A disciplined performance from Afghanistan’s bowlers, especially their spinners, helped the visitors bundle the hosts out for just 208 in 49.2 overs in the second ODI at the Sher-e-Bangla National Stadium in Mirpur today.
It could have been a worse scenario had debutant Mosaddek Hossain not played a 45-ball 45 towards the end and carried the tail along with him.
After winning the toss under cloudy skies, Afghanistan skipper elected to field first. Initially it seemed as though the decision to field first wasn’t right as Bangladesh’s openers made a much better start than the first ODI.
Both Soumya Sarkar and Tamim Iqbal seemed to be hitting the ball well. Some of Soumya’s drives made many reckon that the batsman was finally getting back his rhythm.
However, both the batsmen lost their wickets while attempting to up the run-rate after putting on 43 runs in the first ten overs. Tamim attempted to hit a disciplined Mirwais Ashraf across the line and produced an edge that third man gladly accepted in the 11th over.
Two overs later, Soumya, who was looking really good, came down the track against the same bowler and tried to slog that from outside off but eventually scooped one towards the fielder at cover.
Mahmudullah Riyad and Mushfiqur Rahim were given the job to make amends and they seemed to be doing well. On a wicket that seemed slightly more difficult than the first ODI with the ball staying a touch low, the two batsmen rotated the strike well and showed patience.
Having observed Bangladesh’s weakness against leg-spinners Afghanistan’s skipper brought both Rahmat Shah, who scored a fantastic half-century in the first game and Rashid Khan into the attack.
While Rashid was as brilliant as ever with his variations, Rahmat merely did what was asked of him — bowl loopy leg-spinners. It was a plan that compelled both Mushfiqur and Mahmudullah to stay subdued. Most of the boundaries that came were through risky glides behind the keeper. Yet they did well to post a half-century stand.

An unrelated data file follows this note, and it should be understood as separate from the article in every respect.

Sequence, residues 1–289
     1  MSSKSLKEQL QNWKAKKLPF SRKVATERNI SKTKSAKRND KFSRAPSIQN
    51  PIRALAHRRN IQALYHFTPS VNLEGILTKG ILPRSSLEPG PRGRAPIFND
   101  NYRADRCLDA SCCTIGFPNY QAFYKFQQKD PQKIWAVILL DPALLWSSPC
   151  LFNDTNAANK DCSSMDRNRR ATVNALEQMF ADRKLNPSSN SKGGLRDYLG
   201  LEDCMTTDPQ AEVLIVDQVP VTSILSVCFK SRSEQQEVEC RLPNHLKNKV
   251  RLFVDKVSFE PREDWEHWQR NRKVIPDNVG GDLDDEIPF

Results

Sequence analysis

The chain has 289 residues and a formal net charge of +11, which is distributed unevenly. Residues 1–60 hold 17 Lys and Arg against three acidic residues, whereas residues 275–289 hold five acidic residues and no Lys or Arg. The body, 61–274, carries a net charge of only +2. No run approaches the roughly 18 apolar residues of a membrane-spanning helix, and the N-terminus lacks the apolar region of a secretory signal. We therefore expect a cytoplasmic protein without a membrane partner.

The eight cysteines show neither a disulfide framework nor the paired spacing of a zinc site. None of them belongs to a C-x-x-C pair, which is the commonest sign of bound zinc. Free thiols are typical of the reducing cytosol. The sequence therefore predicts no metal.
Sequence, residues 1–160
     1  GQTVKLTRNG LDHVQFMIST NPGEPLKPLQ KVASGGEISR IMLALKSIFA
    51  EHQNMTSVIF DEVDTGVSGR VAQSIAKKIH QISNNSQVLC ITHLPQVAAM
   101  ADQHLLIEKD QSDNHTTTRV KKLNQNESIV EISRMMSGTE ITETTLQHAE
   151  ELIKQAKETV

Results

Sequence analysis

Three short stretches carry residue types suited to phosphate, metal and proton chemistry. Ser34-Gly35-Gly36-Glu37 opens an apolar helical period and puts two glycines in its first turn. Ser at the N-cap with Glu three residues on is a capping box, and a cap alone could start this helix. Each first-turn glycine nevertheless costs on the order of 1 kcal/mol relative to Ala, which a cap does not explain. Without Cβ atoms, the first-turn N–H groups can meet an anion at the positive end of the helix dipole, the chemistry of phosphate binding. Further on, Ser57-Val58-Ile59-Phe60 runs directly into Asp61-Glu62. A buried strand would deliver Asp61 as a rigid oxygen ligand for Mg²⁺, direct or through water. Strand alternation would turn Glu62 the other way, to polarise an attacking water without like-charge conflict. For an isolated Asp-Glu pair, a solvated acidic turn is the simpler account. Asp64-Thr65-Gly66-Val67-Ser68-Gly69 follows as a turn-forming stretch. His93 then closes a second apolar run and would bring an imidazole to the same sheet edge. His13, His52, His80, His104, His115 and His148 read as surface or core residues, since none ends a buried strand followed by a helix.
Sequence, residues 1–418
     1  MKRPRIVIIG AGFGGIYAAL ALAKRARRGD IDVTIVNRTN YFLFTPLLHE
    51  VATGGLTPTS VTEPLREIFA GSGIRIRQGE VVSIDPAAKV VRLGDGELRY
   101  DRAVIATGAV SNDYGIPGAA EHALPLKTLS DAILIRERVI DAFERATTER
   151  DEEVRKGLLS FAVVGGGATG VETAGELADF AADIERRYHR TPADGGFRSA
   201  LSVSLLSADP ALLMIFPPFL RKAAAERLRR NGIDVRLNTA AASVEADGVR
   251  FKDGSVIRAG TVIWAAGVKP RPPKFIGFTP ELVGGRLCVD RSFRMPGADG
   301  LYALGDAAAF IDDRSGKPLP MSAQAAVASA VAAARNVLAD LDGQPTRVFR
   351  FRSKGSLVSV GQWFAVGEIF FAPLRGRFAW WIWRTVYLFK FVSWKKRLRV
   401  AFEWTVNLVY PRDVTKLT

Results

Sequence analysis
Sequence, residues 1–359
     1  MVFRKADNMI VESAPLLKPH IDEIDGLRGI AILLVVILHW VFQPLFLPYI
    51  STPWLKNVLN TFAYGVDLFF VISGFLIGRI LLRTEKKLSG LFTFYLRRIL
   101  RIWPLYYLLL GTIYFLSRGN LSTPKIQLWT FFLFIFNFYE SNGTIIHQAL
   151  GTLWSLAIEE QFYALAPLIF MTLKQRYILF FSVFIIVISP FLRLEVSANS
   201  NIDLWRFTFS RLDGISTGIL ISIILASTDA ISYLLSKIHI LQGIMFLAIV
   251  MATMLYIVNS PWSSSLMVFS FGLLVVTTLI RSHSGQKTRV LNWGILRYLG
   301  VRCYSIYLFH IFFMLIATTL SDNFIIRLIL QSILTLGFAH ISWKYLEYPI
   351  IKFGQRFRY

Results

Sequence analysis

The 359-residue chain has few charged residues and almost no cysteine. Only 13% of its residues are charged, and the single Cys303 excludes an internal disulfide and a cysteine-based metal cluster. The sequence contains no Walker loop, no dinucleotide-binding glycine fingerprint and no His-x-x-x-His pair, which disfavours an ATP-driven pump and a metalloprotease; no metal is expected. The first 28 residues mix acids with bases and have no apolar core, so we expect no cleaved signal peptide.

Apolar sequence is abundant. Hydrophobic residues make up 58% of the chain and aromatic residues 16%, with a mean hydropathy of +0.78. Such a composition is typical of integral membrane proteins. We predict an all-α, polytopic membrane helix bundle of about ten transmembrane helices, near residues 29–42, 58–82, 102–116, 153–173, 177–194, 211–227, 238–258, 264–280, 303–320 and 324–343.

Once the leg-spinner was taken off and pacer Naveen-ul-Haq was brought on, the pair reckoned that this would be the chance to attack. Their run-rate was slightly low with the hosts requiring 22.1 overs to cross 100.
Mahmudullah tried to force Naveen for a boundary in the last ball of the 25th over and that led to him inside-edging the delivery, which stayed a little low, to the stumps.
Three overs later, Mushfiqur was once again dismissed while trying to play a slog-sweep. He tried to sweep Shah for a boundary, but only managed to find the fielder in the deep. Bangladesh were suddenly struggling at 122 for four.
Shakib and Sabbir Rahman had to build a new partnership.
Fresh from a good performance in the first ODI, Shakib was welcomed with a rousing roar in the stadium. In his very first ball he tried to slash a turner from Rahmat Shah through covers for a four but only managed to nick it. Fortunately for him the keeper could not grab on to it.
He was given a let-off again, this time on 17, off Mohammad Nabi. Shakib tried to hit Nabi through the covers but instead found the fielder who dropped a sitter.
However, the left-hander could not make the visitors pay as Nabi trapped him in front two balls later in the 32nd over and removed Bangladesh’s best hope.
In the very next ball of the new over, Sabbir Rahman was dismissed by a googly from Rashid Khan, akin to the first ODI.
Mohammad Nabi got the captain in over number 34 and suddenly Bangladesh were struggling at 141 for 7.
Taijul Islam and Mosaddek tried to build a stand but once Rashid Khan was brought back in the 43rd over, the tail crumbled.
He first removed Taijul with a pin-point accurate turner that landed on the middle and turned a bit to beat Taijul’s defence. And then in the very next ball he removed Taskin Ahmed with a similar delivery.
Suddenly 18-year-old Rashid was on a hattrick. Rashid bowled a double-wicket maiden and reduced Bangladesh to 165 for nine by the 43rd over.
But that’s when Mosaddek, playing his first match, started to unfurl his repertoire. The batsman, who arrived at the crease and immediately found himself in trouble with the tail, shared a 43-run stand with Rubel Hossain, the highest 10th-wicket stand in the first innings for Bangladesh.
He scored 45 off 45 balls and immediately justified the team management’s decision to bring him into the playing eleven.
He smacked two sixes and four fours during his knock and had it not been for a run-out in the second ball of the last over, he could have scored a half-century on his debut.
He hit one towards the boundary and expected Rubel to come back for the second. But Rubel stopped after taking the first run and started for the double seconds later, which eventually led to him getting run out.